Passive House Humidity when ERV/HRV/MHVR Ventilation at Equilibrium

Passive House Humidity when ERV/HRV/MHVR Ventilation at Equilibrium

High Temperature & Relative Humidity (Dew Point: 70F), Mid-Afternoon Late May 2013

In a recent article, I documented our passive house humidity profile during elevated levels of outdoor humidity.  Once again we find ourselves with a period of very high outdoor humidity levels.  Dew points are at their highest so far this season at 70F/22C with an outdoor temperature hovering around low 81F/27C and a relative humidity around 70%.  Dew points are expected to rise even further as the week progresses.  That's oppressively humid, indeed.

Fortunately for us, our earth tubes are providing temperatures ranging from 58.2F to 59.0 with relative humidity levels ranging from 89% to 88% respectively.  This is reducing the dew points our ERVs are receiving down to 55F/13C-58F/14C, at zero operating cost!

What this means is that our earth tubes are doing the heavy lifting in actual dehumidification.  This is a good thing too, as once again we are finding that our ERVs are at equilibrium as it pertains to humidity transfer.  In other words, there is no enthalpy exchange going on between the exhaust and intake air and, therefore, no reduction of incoming humidity from the ERV to our supply registers.

As a consequence we are finding our indoor humidity (RH) levels to once again be tending towards 57-59% without active conditioning.  Temperatures are just fine--peaking during the day to about 73F/23F.

To lower our indoor humidity, we must now rely (for short periods of time) on our mini-split(s) for active air conditioning.  Amazingly though we are using only one unit (located in our family room) to do the job.  Within one hour of operation the temperature and relative humidity level has dropped to 70.4F/21C and 54%.

Furthermore, the Fujitsu 9RLS2 is only consuming 2.46 amps at 240 volts (on cooling mode) and 1.1 amps at 240 volts (on dry mode) to do the work.  That's fewer than 600 watts and 270 watts, respectively, at its peak consumption (remember it operates in a variable mode)!  By my estimate this equates to an operating coefficient of performance (COP) of about 4.2 (very impressive for an air-to-air compressor!)--as good or better than a geothermal system when all components are taken into consideration.

Contrary to conventional wisdom (which suggest high flow settings to lower indoor humidity) we set our ERVs to their lowest standard operating levels which equate to approximately 17% of total air flow capacity.  This enables the ERVs to perform maximum humidity and temperature transfers between exhaust and intake air flows, further improving their efficiency at reducing incoming humidity once the exhaust air reflects the lower indoor relative humidity levels that we attained with the mini split.

There appears to be so very little real-world data available online detailing passive house performance, I am providing the following data for those interested in examining passive house behavior during high outdoor temperatures and humidity levels.

Below is a snapshot of the Zehnder ERV/HRV/MVHRs operating characteristics:

Date: 05-22-13 at 08.31:

Outdoor Conditions: 73.4F/23C / 81% RH, Dew Point: 67F/13C

Comfoair 200 at 17% capacity:

Intake:  58.2F/15C / 89%, DP: 55F/13C
Exhaust: 60.4F/16C / 88%, DP: 56F/13C
Supply: 65.8F/19C / 71%, DP: 56F/13C
Return: 70.8F/22C / 60%, DP: 56F/13C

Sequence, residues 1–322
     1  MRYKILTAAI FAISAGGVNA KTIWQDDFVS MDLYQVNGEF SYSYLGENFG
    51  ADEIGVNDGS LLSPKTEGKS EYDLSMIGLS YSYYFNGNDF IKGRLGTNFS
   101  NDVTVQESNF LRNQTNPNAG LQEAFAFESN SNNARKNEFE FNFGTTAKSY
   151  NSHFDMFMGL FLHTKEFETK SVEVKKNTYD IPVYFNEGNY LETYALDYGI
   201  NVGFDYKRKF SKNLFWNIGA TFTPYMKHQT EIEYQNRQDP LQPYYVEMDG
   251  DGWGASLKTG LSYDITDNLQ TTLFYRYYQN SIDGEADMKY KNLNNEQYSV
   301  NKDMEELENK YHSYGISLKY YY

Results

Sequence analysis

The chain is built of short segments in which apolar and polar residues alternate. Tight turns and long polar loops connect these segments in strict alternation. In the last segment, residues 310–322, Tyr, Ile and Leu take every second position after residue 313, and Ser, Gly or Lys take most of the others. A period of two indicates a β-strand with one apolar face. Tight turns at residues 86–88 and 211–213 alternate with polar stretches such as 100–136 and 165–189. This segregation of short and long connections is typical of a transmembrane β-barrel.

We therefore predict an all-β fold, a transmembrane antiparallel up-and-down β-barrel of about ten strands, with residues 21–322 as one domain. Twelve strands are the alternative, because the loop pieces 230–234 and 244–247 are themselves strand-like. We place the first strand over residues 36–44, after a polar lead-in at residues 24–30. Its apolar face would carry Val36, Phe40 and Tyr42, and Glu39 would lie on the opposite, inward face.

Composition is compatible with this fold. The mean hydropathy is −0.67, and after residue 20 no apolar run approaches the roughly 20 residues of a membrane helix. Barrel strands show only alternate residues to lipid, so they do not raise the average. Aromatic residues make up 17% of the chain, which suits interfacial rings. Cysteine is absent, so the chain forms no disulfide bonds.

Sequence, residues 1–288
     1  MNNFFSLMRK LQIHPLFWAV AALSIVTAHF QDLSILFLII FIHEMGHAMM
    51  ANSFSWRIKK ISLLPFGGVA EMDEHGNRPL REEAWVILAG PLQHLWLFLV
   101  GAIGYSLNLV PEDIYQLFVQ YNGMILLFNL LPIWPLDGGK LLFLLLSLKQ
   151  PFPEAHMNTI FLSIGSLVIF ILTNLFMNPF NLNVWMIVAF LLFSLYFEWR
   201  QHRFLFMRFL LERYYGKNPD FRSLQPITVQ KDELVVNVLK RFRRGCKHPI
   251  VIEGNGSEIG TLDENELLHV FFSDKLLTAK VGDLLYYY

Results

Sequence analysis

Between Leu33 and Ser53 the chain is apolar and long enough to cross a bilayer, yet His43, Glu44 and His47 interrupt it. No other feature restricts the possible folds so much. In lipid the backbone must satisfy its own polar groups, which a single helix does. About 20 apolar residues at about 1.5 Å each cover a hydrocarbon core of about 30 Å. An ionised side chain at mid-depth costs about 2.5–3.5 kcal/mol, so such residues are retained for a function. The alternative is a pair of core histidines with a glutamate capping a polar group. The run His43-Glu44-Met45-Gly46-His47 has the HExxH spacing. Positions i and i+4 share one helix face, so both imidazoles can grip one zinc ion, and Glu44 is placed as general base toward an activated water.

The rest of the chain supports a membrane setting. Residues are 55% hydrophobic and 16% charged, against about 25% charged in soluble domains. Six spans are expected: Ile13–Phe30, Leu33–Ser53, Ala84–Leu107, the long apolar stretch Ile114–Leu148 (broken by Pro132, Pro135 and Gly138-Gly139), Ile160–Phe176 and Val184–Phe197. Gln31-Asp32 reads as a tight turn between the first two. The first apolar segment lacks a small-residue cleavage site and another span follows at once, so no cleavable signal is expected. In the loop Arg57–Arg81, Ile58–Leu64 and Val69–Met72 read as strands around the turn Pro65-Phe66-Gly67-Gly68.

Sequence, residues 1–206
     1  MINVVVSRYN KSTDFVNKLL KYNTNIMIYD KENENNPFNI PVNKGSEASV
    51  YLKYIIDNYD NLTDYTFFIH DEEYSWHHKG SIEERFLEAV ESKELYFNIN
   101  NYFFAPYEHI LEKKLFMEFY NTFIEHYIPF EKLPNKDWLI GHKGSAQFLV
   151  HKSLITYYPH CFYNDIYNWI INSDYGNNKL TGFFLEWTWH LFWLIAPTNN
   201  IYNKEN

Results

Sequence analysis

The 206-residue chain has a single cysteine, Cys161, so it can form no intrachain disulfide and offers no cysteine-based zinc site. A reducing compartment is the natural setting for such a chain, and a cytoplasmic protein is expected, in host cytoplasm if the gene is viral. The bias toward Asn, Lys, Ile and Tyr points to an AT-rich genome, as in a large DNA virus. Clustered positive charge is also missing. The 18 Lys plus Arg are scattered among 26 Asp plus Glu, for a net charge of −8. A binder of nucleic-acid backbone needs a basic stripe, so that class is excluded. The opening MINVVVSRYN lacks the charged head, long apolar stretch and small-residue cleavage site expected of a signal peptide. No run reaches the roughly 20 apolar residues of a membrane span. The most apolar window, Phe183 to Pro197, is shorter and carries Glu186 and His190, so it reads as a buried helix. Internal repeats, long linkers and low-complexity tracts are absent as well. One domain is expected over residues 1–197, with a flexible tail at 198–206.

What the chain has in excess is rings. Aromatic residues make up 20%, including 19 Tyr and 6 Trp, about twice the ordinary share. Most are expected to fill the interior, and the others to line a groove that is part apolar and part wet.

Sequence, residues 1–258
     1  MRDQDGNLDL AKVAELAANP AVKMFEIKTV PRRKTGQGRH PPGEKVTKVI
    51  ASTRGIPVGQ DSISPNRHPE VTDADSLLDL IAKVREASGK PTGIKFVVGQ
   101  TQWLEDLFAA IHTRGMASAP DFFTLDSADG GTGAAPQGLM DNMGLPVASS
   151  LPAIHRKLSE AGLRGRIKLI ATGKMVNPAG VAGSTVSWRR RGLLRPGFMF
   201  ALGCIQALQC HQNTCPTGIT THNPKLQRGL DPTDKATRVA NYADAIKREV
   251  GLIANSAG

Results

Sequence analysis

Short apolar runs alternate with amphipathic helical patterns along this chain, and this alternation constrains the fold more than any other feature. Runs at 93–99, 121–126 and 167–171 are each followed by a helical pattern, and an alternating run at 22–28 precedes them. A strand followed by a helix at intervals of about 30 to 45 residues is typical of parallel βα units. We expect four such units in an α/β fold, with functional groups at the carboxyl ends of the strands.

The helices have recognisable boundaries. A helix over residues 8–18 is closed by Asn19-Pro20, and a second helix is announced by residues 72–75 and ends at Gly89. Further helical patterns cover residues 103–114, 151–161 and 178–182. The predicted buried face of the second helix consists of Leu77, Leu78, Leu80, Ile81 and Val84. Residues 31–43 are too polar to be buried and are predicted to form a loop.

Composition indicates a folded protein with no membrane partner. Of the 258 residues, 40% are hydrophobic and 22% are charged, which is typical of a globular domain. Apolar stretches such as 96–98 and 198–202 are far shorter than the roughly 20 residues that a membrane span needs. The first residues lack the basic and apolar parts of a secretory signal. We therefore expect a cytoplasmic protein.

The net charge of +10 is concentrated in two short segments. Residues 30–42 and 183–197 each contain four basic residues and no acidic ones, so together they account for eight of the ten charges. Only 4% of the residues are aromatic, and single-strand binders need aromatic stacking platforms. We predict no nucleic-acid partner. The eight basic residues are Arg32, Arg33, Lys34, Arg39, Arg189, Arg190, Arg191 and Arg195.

Novus 300 (Paul) at 17% capacity:

Intake: 59.0F/15C / 88%, DP: 55F/13C
Exhaust: 61.8F/17C / 82%, DP: 56F/13C
Supply: 67.3F/20C / 67%, DP: 56F/13C
Return: 70.5F/22C / 64%, DP: 58F/13C


  1. Hi Bob, I am glad I stumbled upon your website. I have been reading all your post because I am planning on building a passive solar designed pole constructed home in Iowa that we plant to start building in April of 2015. I will be doing a lot of the same things you have done, like having most of my windows facing true south with over hangs to take advantage of the lower winter sun for heating our concrete floors. The home will have 6" walls and a white roof, and have radiant floor heating. I am trying to decided what form of cooling we will use and that is how I found your blog.
    Now that you have used your Earth tubes and your Mini's to help cool your house, do you still thing they are worth the cost of installation? You can see my project on my farm blog

    1. Howdy!

      Your project looks to be shaping up quite nicely. Wonderful land and I love your rustic interior wood look!

      Have you determined your heating and cooling loads yet? Depending upon your requirements that could suggest the sizing of the system.

      We had to overcome some real challenges and truthfully the EAT was installed later than it should have been, requiring us to re-dig around our foundation. We also have to be concerned with Radon levels in our area, and while we are fairing well on this front, it should be something that is considered before undertaking its construction.

      My choice with installing them was in part due to my desire to add to the general knowledge of EAT utilization in Passivhaus construction. Something that we have really little data on. Jason Morosko ( and I both wanted to contribute so we both made the plunge.

      I would certainly consider installing them, but it is essential to design a system that won't present failures in the future.

      You should hook up with Larry at He is out your way, which should make it very convenient for you.

      Congratulations on your efforts!


  2. Thanks Bob for getting back to me on this. I have looked over Larry's site before and I will consult with him if the earth tubes are what we decided to do. You haven't posted in awhile and I was wondering how your earth tubes have worked for you during this hot and humid summer?


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